The festival runs from November 13th through the 16th: Here's more detailed info. I was recently a judge at the New York Asian Film Festival, and it was a blast. So I expect this one to be even more fun, given my lifelong passion for the genre.

One film has already jumped out fo the pack of movies in competition for its sky high "what the f**k" factor, which was the gold standard to which old-school Times Square habitues like myself held grindhouse movies. High WTF factor didn't necessarily mean a movie was good... it just meant you had never, ever in all your born days seen that before. And this particular movie was a pleasant surprise because it was made by someone whose first feature (which ranked high on the WTF scale of the day -- no mean feat back then) was released more than 25 years ago. I love to see a mature filmmaker prove that s/he still has the power to make jaws drop!

Thursday, November 6, 2008

One seriously cool day...

I spent most of today coordinating a shoot at the Bronx Zoo and I have to say, the geek kid in me (the one who loved dinosaurs, herpetology and tales of ancient archeological digs) was in heaven.

Suffice it to say that the highlight of my day was having a hissing cockroach crawl across my hand and hiss in my ear.

Next up: Judging a festival close to my heart -- more info tomorrow.

Wednesday, November 5, 2008

When bad movies happen to good people

I recently supervised part of the second-channel commentary for a movie I thought was something of a disaster.

Listening to the director and one of the stars talk thoughtfully and in some detail about the various choices and decisions they made before, during and after shooting was a vivid reminder that not only do most people not set out to make bad movies, but they often invest an enormous amount of time, thought and emotional energy in projects that isn't necessarily reflected in the finished product.

Neither was slinging self-deluded, blowing-smoke puff and prattle. They're both talented, serious individuals and their reasons for doing particular things -- from the way certain lines were delivered to details of set design -- were all intelligent, interesting and made perfect sense. Make no mistake, I still have the same problems with the finished film, but I was reminded how hard it is to make movies, how many ways things can go wrong and how lazy and pandering lot of current movie reviewing has become.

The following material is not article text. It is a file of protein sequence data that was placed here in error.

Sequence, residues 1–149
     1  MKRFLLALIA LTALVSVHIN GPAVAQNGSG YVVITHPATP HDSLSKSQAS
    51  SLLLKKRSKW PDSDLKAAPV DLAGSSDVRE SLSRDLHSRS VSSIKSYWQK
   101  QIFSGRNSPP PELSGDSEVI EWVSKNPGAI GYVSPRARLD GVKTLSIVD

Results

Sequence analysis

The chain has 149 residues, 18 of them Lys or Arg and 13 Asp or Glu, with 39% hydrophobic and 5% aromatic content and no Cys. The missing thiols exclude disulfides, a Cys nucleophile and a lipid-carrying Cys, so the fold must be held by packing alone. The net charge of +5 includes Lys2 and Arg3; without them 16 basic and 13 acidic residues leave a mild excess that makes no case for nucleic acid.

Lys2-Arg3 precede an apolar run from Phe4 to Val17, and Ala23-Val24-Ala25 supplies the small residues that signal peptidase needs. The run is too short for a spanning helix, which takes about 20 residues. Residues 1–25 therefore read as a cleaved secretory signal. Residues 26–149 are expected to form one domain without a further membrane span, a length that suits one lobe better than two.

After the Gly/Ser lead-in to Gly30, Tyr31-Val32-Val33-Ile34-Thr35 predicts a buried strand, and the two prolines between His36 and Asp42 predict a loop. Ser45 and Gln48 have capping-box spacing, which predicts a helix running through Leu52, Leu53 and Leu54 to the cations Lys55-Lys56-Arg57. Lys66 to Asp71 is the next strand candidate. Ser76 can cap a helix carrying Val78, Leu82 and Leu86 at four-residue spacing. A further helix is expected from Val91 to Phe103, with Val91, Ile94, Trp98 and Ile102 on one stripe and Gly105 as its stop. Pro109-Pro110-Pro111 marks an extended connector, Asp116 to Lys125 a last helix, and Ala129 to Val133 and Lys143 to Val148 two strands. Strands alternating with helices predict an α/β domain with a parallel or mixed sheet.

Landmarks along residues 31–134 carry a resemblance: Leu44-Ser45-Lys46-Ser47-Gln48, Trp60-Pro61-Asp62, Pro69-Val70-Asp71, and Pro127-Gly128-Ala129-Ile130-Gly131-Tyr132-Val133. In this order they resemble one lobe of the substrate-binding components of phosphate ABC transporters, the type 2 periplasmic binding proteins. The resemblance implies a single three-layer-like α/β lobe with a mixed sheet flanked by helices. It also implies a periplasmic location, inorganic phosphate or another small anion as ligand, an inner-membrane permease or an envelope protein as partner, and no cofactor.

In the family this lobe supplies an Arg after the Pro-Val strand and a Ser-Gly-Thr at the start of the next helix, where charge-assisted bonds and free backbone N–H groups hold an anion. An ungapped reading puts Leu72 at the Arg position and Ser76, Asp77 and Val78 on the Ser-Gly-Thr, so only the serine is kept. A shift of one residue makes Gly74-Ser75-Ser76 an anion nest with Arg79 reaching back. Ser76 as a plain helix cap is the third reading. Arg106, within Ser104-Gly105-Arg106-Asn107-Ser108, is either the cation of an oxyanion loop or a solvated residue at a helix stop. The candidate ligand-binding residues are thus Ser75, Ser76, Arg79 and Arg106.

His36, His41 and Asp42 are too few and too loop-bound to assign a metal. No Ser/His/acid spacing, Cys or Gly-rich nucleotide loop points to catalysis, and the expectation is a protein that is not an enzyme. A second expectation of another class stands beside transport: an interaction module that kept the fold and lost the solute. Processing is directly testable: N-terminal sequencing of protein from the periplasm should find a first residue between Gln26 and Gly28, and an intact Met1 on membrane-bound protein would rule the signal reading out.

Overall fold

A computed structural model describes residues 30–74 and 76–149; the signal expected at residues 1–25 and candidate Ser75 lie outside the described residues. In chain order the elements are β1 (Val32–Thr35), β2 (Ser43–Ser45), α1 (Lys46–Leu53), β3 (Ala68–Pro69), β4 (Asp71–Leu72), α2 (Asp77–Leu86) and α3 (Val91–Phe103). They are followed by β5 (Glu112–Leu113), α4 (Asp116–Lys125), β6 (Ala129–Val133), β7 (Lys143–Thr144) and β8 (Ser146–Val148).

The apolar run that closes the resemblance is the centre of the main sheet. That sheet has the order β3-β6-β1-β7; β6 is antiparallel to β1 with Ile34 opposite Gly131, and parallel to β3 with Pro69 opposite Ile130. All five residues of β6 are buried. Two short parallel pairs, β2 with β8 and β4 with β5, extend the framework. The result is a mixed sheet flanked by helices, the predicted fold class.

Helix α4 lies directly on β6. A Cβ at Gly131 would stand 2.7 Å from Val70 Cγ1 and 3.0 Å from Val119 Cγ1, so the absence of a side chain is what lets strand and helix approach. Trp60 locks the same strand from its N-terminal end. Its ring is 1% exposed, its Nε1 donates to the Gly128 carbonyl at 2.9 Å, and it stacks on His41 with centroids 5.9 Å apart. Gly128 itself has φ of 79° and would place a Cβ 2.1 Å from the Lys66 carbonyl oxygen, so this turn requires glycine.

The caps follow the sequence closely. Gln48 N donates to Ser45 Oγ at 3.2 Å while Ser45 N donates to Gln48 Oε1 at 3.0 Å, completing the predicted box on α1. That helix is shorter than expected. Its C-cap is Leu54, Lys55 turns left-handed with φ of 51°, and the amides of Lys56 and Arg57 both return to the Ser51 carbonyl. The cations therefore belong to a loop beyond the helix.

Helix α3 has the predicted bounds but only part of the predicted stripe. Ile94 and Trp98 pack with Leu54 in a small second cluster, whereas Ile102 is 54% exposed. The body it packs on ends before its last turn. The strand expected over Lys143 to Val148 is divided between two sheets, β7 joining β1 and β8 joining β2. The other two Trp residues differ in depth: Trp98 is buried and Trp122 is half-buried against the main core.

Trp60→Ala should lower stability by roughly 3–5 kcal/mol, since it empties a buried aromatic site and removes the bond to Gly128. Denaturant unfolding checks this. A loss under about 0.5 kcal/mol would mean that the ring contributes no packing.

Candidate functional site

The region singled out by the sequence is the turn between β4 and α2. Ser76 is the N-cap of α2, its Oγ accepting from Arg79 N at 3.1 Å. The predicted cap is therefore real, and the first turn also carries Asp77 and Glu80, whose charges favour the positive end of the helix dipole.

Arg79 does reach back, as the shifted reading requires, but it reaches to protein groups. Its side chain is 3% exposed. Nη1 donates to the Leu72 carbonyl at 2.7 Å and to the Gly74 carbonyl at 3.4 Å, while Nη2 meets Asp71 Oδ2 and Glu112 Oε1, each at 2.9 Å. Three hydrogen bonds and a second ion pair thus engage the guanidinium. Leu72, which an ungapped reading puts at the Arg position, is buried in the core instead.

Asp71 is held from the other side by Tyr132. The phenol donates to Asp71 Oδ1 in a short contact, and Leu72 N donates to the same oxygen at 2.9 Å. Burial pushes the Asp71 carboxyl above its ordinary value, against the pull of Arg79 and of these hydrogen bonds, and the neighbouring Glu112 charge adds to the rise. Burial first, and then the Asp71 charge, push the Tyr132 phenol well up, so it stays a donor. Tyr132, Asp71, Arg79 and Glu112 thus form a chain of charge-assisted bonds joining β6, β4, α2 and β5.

There are plenty of movies out there that are made by committee and driven by market research. The people behind them aren't out to make bad movies per se, but they're also not trying to make good movies either, unless you define "good" purely as "could make a lot of money." I don't have much sympathy for them though, that said, I've been on sets where individual actors and crew members were doing their damnedest to make something they could be proud of, even though they knew the project they were working on was junk.

Ultimately what matters is what winds up on the screen, and no one likes feeling that the time and money they spent going to the movies was a total waste. That is, of course, one of the reasons there are movie critics.

But a lot of so-called movie criticism is flip and snippy and ignorant. There are all kinds of bad movies, and it's a critic's responsibility to differentiate -- an ambitious movie can turn out as badly as a formulaic cash-in on a popular star, timely theme or cynical cash in. That doesn't mean they should all be dismissed with the same snarky one-liners.

Tuesday, November 4, 2008

Maitland at the Avon Theater

No, I haven't vanished -- I've just been juggling projects.

Wanted to let you know that tomorrow -- yes, November 5, the day after election day, when the entire nation will be nursing a vicious post-campaign hangover -- I'll be at the Avon Theater in Stamford, CT, hosting a screening of Nicholas Roeg's 1980 Bad Timing: A Sensual Obsession, complete with post-film Q&A.

If any of you are in the area, it would be great to see you